Adrian Peterson Playing in Week 1 Would Be Terrible Mistake for Vikings
Adrian Peterson is expecting himself to be ready for the Vikings' Week 1 opener against Jacksonville this season.
In an article by Ian Rapoport of NFL Network, Peterson is on track:
Peterson is itching to be on the field. He has long targeted Week 1 against the Jacksonville Jaguars as the benchmark for his return, and he didn't back off that timeline on Tuesday.
"I feel like it's realistic," said Peterson. "As of now, I feel like I'm heading in the right direction to meet that."
As good as this may sound, the consequences could be detrimental to Peterson's career with an early return. Unlike Kansas City's Jamal Charles, Peterson tore his ACL at the end of the year, thus leaving much less time for recovery.
Here, let's take a look at some reasons why Peterson suiting up in Week 1 is a bad idea.
Minnesota's early season schedule is tough enough to keep Peterson out. The Jaguars present a potential top-five defense for 2012 and then San Francisco comes to town in Week 3, who field arguably the NFL's best defense right now.
Other early games consist of Indianapolis and Detroit, both of which are on the road. The Colts can be beaten without Peterson, and even so, Indianapolis has a defense that will be much improved from 2011.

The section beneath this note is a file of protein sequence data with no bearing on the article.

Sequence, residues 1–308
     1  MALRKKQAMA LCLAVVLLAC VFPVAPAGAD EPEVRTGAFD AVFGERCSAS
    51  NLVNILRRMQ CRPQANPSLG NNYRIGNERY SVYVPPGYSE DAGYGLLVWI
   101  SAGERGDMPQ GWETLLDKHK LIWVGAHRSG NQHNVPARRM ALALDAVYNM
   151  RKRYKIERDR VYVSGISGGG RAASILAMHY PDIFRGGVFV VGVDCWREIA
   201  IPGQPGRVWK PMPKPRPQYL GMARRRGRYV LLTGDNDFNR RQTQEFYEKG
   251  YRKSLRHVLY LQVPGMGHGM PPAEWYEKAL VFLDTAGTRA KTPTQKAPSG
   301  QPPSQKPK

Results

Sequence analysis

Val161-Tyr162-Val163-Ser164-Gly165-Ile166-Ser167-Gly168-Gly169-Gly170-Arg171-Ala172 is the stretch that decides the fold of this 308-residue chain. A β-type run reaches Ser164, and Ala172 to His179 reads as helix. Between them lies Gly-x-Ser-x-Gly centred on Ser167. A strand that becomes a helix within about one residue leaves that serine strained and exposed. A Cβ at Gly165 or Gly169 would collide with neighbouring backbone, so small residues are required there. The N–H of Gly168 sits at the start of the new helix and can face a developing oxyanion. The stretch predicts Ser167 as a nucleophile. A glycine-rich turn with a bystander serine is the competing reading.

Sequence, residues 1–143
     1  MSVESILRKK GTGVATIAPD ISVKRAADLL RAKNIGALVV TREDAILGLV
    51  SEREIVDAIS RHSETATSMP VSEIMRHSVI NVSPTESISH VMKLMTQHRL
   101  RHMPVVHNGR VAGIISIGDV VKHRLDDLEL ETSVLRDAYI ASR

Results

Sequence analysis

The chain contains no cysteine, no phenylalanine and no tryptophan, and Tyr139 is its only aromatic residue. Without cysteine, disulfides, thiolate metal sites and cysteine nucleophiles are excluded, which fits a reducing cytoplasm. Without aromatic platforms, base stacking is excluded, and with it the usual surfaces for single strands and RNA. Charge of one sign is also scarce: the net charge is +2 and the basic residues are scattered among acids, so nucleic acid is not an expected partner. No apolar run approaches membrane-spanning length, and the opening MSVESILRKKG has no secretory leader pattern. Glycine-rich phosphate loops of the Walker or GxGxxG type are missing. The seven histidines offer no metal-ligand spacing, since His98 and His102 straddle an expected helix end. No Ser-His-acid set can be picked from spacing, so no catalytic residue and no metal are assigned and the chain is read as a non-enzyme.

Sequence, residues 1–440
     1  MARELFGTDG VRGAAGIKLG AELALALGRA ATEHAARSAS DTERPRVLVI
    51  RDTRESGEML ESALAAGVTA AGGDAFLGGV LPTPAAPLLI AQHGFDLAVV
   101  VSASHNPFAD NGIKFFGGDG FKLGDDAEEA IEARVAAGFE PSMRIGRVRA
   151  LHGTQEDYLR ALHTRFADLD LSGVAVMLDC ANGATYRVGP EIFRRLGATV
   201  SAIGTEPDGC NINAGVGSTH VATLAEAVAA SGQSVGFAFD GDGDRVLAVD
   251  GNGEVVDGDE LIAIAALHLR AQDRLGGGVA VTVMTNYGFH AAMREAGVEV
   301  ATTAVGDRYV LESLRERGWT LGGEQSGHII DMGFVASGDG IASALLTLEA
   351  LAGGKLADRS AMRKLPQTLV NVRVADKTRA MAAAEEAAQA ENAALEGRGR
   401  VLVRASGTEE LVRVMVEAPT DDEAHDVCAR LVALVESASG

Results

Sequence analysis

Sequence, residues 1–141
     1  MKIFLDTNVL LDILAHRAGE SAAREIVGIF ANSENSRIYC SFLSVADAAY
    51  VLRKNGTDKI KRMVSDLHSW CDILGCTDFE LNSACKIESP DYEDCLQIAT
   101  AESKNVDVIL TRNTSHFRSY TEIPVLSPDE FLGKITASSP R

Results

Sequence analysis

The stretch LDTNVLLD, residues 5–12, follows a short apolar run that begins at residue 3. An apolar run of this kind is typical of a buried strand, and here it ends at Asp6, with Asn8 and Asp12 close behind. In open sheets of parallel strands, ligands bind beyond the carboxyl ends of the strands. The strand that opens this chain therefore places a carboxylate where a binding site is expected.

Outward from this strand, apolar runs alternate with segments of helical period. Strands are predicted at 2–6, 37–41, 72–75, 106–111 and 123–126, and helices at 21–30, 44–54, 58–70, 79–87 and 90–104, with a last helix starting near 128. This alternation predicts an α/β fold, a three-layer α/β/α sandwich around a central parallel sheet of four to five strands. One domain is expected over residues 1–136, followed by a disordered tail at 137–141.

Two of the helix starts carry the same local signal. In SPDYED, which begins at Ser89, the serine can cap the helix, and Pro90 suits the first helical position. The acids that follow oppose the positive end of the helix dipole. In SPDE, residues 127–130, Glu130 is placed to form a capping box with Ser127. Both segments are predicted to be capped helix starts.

Therefore, with a fairly tough schedule through the first half of the season and then five NFC North games in the final seven, Minnesota has to be certain that Peterson will be 100 percent for the crucial end-of-season matchups.
Week 1 is just too much of a risk right now, and in a rough division, saving Peterson's health for the future is more important.
Should Minnesota use Peterson sparingly in 2012 to save him for 2013 and beyond?
Minnesota has upgraded its defense and there's a franchise tackle in Matt Kalil. Christian Ponder also has the potential to develop as a solid NFL quarterback, so the Vikings' immediate future is bright.
However, that brightness would get significantly dimmed if Peterson tries to come back sooner than needed. He's only 27 years old, and although the NFL lifespan for a running back usually cuts off around 30, Peterson hasn't been too overused through five seasons.
And for as cautious as one has to be with an ACL injury, saving the rest of his body from so many hits in 2012 will benefit him later on. If Peterson shares more carries this season with Toby Gerhart, that will simply create a stronger backfield for Minnesota in 2013.
Not to mention the NFL draft, which could be used to patch up any more holes on the offense or defense.
Seeing how much Peterson is able to go in the preseason could be very telling. Not participating at all and then hitting the field in Week 1 would be a major risk and certainly a concern.
Right now, Minnesota has to let Toby Gerhart take the reins and lead the way. Toward the end of training camp, if Peterson suits up for a late preseason game against some backups, then Week 1 may not be out of the question.
It all simply comes down to being cautious, because any time a player returns from injury, the game has proven before that a safe return is not guaranteed.
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